Gene is up next again with “Ladies Room” and in pure Gene fashion he wants to have sex with a woman in the bathroom.  I mean, who wouldn’t right!!  I love this song for the great bridge and then Peter hitting that cowbell to bring in the chorus.  Heck, I think the bridge has better lyrics than the chorus.  Gene’s bass is really brought to the front of the production and the drum sound is really cool on this one as well.  I believe for all the drums, Peter was put in a bathroom to get the sound the obtained for the recordings.  Also of note, Gene is actually playing the rhythm guitar on this one.

The last track on Side A is possibly my favorite song on the album, “Baby Driver”.  The song was written by Peter Criss and Stan Penridge from his earlier band Lips.  I love the driving groove and riffs that give this song a really cool vibe.  Peter sings with all he can muster as well as delivers some great drum-fills.  This is a shining point for me for Peter.  That rough and raw voice gives the song an edge that puts it over the top for me.  I can’t say enough good things about this one.  This isn’t one most people think of when you think of Peter, but I would rather listen to this than “Beth” any day of the week.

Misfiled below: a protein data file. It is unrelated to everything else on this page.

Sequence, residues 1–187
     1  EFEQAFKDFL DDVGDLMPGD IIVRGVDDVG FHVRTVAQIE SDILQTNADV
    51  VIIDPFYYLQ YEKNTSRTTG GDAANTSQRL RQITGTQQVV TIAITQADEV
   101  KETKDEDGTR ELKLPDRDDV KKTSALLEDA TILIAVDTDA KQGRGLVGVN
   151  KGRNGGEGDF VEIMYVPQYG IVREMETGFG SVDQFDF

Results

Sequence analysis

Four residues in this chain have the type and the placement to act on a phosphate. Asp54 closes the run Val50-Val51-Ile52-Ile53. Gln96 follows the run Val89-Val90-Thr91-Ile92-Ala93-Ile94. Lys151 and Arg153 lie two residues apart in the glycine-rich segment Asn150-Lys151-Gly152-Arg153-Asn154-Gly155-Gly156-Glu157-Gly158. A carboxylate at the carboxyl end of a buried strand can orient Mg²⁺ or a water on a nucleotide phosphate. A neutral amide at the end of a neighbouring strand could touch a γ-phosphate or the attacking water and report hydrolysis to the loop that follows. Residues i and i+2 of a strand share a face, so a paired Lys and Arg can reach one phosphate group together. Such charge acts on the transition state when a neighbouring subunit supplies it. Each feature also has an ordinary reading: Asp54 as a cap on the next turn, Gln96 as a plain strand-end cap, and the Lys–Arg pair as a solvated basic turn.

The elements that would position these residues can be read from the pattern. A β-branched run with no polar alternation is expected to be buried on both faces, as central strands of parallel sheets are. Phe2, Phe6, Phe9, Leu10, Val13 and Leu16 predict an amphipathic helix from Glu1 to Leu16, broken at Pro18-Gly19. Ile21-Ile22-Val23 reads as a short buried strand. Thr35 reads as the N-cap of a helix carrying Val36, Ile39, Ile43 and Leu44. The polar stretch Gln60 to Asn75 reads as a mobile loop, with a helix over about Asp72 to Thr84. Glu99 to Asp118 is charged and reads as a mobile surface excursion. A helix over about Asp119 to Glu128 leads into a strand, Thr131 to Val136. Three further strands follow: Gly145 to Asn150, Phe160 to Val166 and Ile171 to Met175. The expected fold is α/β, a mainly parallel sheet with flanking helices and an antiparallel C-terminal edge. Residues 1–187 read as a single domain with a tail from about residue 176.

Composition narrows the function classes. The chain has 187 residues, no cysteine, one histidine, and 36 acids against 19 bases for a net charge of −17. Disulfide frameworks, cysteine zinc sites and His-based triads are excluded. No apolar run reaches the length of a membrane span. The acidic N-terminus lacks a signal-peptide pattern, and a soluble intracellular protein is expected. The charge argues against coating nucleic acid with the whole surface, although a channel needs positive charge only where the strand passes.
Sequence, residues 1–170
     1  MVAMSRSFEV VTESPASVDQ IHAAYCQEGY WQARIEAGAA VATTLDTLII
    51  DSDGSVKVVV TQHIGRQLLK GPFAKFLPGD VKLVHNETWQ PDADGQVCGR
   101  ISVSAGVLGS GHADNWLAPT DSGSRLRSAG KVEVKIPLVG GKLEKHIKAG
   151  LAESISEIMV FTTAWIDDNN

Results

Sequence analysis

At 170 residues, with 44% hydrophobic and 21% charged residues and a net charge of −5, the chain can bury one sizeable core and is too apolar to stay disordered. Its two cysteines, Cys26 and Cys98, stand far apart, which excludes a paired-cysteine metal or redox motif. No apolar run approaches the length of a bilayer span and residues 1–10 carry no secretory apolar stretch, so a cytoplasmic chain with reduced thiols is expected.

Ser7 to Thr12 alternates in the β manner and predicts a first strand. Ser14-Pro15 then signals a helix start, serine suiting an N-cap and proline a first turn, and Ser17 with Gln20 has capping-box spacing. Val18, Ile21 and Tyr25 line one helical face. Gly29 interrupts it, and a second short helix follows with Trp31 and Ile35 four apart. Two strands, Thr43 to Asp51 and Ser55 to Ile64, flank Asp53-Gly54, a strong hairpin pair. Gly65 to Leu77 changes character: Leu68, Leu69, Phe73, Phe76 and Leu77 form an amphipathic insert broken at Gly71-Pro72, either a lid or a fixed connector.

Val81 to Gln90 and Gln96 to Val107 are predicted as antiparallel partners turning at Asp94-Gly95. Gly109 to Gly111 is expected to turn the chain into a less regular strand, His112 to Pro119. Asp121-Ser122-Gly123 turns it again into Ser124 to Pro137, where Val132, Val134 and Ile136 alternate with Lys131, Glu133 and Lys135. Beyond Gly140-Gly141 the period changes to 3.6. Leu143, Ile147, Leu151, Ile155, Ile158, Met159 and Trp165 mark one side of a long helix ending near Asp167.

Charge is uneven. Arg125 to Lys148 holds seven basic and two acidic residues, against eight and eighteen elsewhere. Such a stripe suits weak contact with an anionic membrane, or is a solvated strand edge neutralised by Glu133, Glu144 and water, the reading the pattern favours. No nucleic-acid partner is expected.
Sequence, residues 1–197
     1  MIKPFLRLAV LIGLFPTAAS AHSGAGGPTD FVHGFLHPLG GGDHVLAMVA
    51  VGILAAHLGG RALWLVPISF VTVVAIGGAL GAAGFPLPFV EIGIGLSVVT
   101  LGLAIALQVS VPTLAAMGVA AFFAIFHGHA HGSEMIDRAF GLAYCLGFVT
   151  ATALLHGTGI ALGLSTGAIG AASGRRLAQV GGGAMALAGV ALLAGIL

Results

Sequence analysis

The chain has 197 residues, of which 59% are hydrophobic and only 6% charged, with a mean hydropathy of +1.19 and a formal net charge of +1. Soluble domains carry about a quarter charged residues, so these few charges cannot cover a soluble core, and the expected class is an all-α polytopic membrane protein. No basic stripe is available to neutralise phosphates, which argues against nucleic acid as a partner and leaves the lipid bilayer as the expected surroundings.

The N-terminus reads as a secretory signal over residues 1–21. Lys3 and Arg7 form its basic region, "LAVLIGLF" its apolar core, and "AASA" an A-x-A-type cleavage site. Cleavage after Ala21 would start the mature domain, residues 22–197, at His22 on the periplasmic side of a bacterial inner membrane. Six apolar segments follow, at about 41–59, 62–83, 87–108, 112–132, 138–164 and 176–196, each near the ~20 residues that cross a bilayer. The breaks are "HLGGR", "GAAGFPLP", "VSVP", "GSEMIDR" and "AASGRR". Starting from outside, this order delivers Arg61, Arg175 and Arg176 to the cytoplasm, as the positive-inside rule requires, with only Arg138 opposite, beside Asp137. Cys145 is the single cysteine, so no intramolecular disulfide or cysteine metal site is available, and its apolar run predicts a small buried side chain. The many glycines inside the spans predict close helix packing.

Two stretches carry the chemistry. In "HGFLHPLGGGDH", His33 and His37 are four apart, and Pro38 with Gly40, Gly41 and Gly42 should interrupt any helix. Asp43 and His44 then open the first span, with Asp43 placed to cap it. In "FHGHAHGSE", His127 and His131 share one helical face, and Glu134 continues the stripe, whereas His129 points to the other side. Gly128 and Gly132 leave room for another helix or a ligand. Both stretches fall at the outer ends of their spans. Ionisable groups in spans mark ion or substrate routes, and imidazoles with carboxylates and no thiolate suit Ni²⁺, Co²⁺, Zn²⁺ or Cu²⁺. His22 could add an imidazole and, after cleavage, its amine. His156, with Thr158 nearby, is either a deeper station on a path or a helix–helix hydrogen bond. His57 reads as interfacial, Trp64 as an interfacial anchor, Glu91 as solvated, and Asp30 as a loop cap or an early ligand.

SIDE B:

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The second side kicks with a Gene sex song (is there any other kind) called “Love ‘Em and Leave ‘Em”.  I don’t know if this song will win over any new fans for Gene songs as it is not his best, but it is a fun song with a rather catchy chorus.  The song is simple and to the point and saved by a spirited Ace solo.

“Mr. Speed” brings us our next Stanley/Delany penned track.  This isn’t a classic, but the song is why I love Kiss.  They have solid, rocking deep cuts. “Mr. Speed” is one of those deep cuts that makes it all worth it.  It rocks out and Paul sounds fantastic, guitar work is great, the rhythm section of Gene and Peter brings it home and those loud pounding drums towards the end really set this one apart nicely.